Disputed Election Exposes Brotherhood's Generational Rift
by STEVE EMERSON
December 24, 2009
The Egyptian Muslim Brotherhood is in crisis and this particular crisis reveals a great deal about the enduring anti-democratic nature of the group, which stands at the head of the largest Sunni Islamic movement in the world.
Tuesday, the Brotherhood announced the members of its new guidance bureau. This was the first election held for the bureau – its governing body – in 14 years.
The vote by the 100-member Shura Council, an executive council of the Brotherhood that selects the Guidance Bureau, was seen as a battle between two competing poles in the party. On one side are the reformists or "moderates," who are led by Abdel Moneim Abul Futuh and supported by Mohammad Habib, the deputy leader of the Brotherhood. On the other side are the "conservatives." According to Habib, the conservatives want to maintain the status quo and continue with heavy emphasis on religion, while the reformists seek greater political openness and cooperation with other opposition parties. This split within the Brotherhood has a strong generational element, with the "old guard" representing the conservatives, and younger members and activists largely comprising the reformists.
The conservatives won out, but Habib is crying foul and aired the Brotherhood's dirty laundry on Al Jazeera. He claims the elections were held suddenly, not properly announced, and the person who scheduled and organized them – Mohammad Mahdi Akef, the Supreme Guide of the Brotherhood – did not have the authority to do so. Al Arabiya reports:
"Mohamed Habib, the first deputy to the Supreme Guidance, said Sunday that the election violated the bylaws of the movement. And added that the call for the election 'came from an individual [Akef] and not from the Guidance Bureau who are in charge for calling for the elections.'"
Habib is also upset that, due to state crackdowns and illnesses, many Shura Council members were unable to participate in the vote. He claims:
"The objective of holding the elections with this hastiness is to establish one group against another group, and not just to exclude me personally, but also to infringe upon the rights of the Guidance Office."
Some Shura Council members, including Habib, refused to vote under those circumstances. Akef, of course, claims the elections were legitimate. "Let Habib say what he wants to say, I am walking in line with the institutes of the group. I confirm the soundness of the [election] procedures 100 percent," he said. Habib is calling for the elections to be investigated.
Looking at all this, one can't help but wonder: If the Brotherhood cannot manage to conduct an internal election according to its own internal regulations that their leaders write, how can it be trusted in government?
Egyptian political analyst Khalil El Anani told Reuters, "These results indicate an internal coup d'etat against the reformist camp of the Brotherhood. Most of the new members are over 50 years old and there is no representation of Brotherhood's youth."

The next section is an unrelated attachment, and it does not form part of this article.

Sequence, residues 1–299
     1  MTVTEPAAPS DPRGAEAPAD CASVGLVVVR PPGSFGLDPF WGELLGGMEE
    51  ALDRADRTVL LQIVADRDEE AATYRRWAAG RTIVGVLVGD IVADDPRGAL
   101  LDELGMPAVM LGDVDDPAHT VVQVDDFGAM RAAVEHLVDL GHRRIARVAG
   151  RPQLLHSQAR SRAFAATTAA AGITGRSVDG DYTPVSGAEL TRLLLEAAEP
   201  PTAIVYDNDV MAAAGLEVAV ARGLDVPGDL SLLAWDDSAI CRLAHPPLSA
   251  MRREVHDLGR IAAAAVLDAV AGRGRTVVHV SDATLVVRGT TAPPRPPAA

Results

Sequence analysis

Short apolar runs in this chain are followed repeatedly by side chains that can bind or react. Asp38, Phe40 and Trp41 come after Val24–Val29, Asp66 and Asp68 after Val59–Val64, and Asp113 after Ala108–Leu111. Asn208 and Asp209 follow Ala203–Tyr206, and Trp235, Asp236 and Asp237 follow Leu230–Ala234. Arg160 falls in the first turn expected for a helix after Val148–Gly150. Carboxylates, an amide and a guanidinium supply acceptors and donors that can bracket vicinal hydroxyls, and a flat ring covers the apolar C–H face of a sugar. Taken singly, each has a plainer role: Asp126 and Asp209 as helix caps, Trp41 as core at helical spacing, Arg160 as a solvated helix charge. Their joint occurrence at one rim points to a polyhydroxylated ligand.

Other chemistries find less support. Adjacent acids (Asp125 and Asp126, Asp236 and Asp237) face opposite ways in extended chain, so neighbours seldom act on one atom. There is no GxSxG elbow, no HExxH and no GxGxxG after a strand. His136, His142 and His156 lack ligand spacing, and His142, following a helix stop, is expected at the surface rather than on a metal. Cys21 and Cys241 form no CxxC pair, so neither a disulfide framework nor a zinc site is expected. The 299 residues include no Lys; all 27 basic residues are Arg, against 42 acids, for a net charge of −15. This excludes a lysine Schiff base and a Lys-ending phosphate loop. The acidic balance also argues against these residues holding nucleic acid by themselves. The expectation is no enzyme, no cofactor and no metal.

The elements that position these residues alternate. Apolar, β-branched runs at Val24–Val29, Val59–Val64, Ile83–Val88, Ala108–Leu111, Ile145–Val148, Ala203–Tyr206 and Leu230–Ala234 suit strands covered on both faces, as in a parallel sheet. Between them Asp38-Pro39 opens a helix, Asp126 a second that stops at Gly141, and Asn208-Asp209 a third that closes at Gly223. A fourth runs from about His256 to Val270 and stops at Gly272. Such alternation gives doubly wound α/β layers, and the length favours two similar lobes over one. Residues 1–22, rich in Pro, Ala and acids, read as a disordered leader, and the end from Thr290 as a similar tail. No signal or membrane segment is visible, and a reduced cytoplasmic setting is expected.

Yet George Washington University's Mark Lynch writes:
"The very fact of the elections is noteworthy, of course. Virtually no other Arab political movement, party, or government holds such free or fair internal elections to positions of real power. Such internally democratic practices in the Muslim Brotherhood may come as a surprise to those who don't follow the Islamist movement closely, but they are a long-standing feature of the movement's internal organization."
It's not clear which election Lynch has been watching, but it is clear that the freeness and fairness of the Guidance Bureau elections are contestable at best and non-existent at worst.
"While the dissenters have real grounds for complaint, there is no real reason to think that the elections were not truly representative of the mood in the movement. Attitudes have evidently always been more conservative outside of Cairo and the politicized youth activists. The reformists have taken a beating due to the limited fruits of their efforts to participate in the democratic process. With the rewards of electoral participation being increased arrests and harrassment [sic] at all levels of the organization, no influence over legislation, a constitutional amendment explicitly aimed at preventing their further participation, and little international support for their struggles, it isn't hard to see why they would fail to rally internal support for their cause."
While Lynch's analysis is thoughtful, as always, it misses the point. Even in this political climate, with the reformists' efforts having failed to bear fruit, Akef and other Brotherhood figures still felt the need to engage in trickery to game the results. A movement that does not trust its own procedures and its own members can only disingenuously be called democratic. The fact that the elections may have represented the true "mood of the movement," casts Akef's shenanigans in an even worse light. The leadership did not trust the Shura Council to make the decision they likely (according to Lynch) would have made anyway. So they went for something a little more dependable than a real election – something other than democracy.
To be fair, this lukewarm commitment to democratic principles does not make the Brotherhood much different from nearly every other political party or movement (even though it is officially banned, it is a party in practice) in Egypt and the larger Arab world. Across the region, democratic rhetoric is rarely married with practice, even in the opposition's internal elections.
This recent episode provides more proof that the Islamists are not so different.
Consequently, all the Brotherhood's calls for democracy in Egypt and elsewhere in the Muslim world ring a little hollow now, don't they? We can only hope that people of Egypt – and anywhere else Islamist parties claim they hold democratic principles dear – will take note.